The 3D Pollen Project is based in the UK at the University of Reading and the University of Hull.

Oli Wilson is a PhD student and Graduate Teaching Assistant at the University of Reading, studying the past and future of a threatened forest in southern Brazil. He initiated the 3D Pollen Project in the hope that it would be a useful resource for other scientists who work with pollen - with applications for outreach, teaching and research. Oli's taking the lead on pollen processing and scanning, sorting out the files, and researching the project's educational impact. He also runs this website and the project twitter account, and promises to try and respond to any emails you send us.

Oli Wilson portrait

Prof. Frank Mayle is Professor of Tropical Palaeoecology at the University of Reading. Frank not only runs Reading's tropical palaeoecology research group, whose pollen reference collection is an essential resource for this project, but he's also Oli's main PhD supervisor - in this capacity, he's in charge of ensuring Oli doesn't get too distracted from his other research!

Dr Jane Bunting is a palaeoecologist and Reader in Geography at the University of Hull. Oli is a visiting student in Jane's lab, and is using Hull's pollen reference material to expand the range of pollen types available through the project. 

On the technical side of things, Dr Cordula Kemp (research technician) and Ann Lowry (microscopy suite manager, both at Hull) have played essential roles in helping Oli get the pollen scanning sorted, with Dr Anthony Hayes (Cardiff University), Dr Graham Luke and Viv Rimmer (both at Reading) all providing additional expert advice. Finally, Marie Taylor, Health and Safety Coordinator for Reading's School of Archaeology, Geography and Environmental Sciences, has been Oli's guide through the world of standard operating procedures and risk assessments.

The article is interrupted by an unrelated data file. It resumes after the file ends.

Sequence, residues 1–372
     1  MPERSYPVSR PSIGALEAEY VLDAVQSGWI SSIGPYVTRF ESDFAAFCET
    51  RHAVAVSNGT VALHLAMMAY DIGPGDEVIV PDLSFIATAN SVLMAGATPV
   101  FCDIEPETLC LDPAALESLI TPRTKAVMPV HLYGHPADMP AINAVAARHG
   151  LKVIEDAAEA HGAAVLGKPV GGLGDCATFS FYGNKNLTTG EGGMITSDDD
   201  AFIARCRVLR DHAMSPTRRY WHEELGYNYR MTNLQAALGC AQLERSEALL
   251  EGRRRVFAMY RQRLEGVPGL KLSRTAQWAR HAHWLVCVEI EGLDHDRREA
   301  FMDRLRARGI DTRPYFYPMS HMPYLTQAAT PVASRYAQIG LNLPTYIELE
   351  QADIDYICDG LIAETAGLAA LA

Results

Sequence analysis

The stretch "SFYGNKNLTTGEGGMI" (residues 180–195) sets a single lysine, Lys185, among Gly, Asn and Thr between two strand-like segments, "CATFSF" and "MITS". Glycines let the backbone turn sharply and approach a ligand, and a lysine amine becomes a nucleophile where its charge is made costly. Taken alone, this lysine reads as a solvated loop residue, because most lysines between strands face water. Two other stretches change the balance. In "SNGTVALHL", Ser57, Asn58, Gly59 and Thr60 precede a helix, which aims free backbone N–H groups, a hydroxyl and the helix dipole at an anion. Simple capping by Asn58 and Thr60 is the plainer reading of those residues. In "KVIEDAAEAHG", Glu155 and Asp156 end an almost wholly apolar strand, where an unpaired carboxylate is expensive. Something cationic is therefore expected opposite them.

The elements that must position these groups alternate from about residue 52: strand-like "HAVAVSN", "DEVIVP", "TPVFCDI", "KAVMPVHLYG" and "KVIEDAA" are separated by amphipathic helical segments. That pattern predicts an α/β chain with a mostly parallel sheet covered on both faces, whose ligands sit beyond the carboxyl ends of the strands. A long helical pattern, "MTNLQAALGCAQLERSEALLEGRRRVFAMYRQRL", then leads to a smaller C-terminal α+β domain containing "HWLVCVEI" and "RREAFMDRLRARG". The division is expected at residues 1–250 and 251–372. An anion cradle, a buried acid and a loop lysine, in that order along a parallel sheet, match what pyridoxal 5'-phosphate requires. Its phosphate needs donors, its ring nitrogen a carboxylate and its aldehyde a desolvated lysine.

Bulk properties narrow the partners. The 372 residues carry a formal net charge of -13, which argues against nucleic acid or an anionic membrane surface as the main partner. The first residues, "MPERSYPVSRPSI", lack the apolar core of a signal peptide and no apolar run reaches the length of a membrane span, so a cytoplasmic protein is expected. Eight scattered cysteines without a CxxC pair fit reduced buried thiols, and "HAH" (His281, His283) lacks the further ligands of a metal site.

This project was initially made possible thanks to funding from Mangorolla CIC and the Wellcome Trust through I'm A Scientist: Get Me Out Of Here! Subsequently, a grant from the University of Reading's Teaching and Learning Development Fund has allowed the project's aims to expand, particularly facilitating research into the education impacts of 3D pollen resources.


I'm A Scientist is an online science outreach competition where groups of scientists chat with school children, answering their questions and competing for their votes to avoid eviction. Oli was voted the winner in November 2017's Neptunium zone - and, having promised to use his prize money to try and 3D-print some pollen models, this is his effort to make it happen.

If I'm A Scientist sounds like something you'd enjoy, sign up! Applications are open all year round. To get a sense of what the competition's like, read this excellent blog by Natasha Myhill, who won November 2017's Cells zone, or have a look at Oli's reflections on his experience here or here. It's highly recommended!



In this project we're working from methods pioneered by Dr Kat Holt and colleagues at Massey University, New Zealand, and by the Bioimaging Research Hub, Cardiff University, UK. These are described in the following key publications:

  • Holt, K.A., Savoian, M.S. (2017) Epi-fluorescence microscopy and 3D printing: An easily implemented approach for producing accurate physical models of micro- and macroscopic biological samples​. In: Méndez-Vilas, A. (ed.) Microscopy and imaging science: practical approaches to applied research and education. Formatex Research Centre, Badajoz, Spain, p.697-702. ISBN: 978-84-942134-9-6 

    • This book chapter describes the pollen preparation techniques (using 2,2'-TDE) and image post-processing, as well as the considerations in moving from confocal microscopy z-stacks to 3D-printed models.​

  • Perry, I., et al. (2017) Production of 3D Printed Scale Models from Microscope Volume Datasets for use in STEM Education. EMS Engineering Science Journal, 1(1):002

    • This paper ​sets out an alternative method for producing 3D-printed models of pollen. As with Holt & Savoian (2017) it discusses practicalities of imaging and printing, but these methods involve much less sample processing than the former.

Dr Kat Holt, Massey University, NZ, with 3D-printed pollen grains

Dr Kat Holt with a 3D-printed model pollen grain. Photo by Warwick Smith/Fairfax NZ. From

More to come...


We will update this section with additional information - such as example risk assessments, standard operating procedures, and walkthroughs - as the project develops. We would love to enable you to create your own scans and models, so please do get in touch if you think we could provide any further helpful information.